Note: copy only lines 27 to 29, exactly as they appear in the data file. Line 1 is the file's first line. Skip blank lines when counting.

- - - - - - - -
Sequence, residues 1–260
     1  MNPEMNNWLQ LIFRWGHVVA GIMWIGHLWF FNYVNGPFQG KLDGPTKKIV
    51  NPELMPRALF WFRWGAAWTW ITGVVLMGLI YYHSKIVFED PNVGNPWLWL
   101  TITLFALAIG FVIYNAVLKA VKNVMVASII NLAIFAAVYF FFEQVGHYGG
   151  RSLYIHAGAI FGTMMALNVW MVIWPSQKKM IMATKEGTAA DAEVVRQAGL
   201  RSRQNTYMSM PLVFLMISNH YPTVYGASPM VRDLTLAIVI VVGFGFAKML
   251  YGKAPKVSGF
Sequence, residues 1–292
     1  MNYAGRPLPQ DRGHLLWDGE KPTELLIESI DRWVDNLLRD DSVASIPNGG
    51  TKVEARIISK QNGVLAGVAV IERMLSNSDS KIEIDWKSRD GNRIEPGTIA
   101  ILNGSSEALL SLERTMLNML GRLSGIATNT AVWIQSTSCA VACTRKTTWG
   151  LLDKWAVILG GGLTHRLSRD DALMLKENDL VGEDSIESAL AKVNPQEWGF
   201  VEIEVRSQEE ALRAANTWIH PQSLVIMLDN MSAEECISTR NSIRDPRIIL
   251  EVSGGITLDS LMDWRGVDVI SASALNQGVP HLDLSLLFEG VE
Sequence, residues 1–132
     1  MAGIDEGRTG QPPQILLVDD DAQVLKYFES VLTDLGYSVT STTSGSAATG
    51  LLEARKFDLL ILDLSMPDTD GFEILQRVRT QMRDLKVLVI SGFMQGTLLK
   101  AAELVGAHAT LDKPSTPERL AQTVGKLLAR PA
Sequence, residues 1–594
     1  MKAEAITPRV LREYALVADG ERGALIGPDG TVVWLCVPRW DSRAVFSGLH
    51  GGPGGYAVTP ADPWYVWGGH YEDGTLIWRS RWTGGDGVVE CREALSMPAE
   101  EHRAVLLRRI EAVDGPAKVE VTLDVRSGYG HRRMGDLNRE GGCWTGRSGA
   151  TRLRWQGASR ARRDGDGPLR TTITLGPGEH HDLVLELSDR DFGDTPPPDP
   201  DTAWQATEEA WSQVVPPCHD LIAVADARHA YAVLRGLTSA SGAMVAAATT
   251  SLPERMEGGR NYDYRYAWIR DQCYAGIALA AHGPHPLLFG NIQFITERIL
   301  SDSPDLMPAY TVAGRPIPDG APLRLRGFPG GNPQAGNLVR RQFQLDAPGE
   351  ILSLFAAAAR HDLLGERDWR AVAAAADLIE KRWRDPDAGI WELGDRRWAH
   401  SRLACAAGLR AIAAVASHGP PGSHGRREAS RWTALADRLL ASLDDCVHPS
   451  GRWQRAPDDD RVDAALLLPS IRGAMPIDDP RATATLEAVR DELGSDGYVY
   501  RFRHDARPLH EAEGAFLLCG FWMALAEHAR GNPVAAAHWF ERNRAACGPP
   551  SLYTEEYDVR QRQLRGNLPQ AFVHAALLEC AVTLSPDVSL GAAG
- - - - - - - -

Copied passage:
   351  ILSLFAAAAR HDLLGERDWR AVAAAADLIE KRWRDPDAGI WELGDRRWAH
   401  SRLACAAGLR AIAAVASHGP PGSHGRREAS RWTALADRLL ASLDDCVHPS
   451  GRWQRAPDDD RVDAALLLPS IRGAMPIDDP RATATLEAVR DELGSDGYVY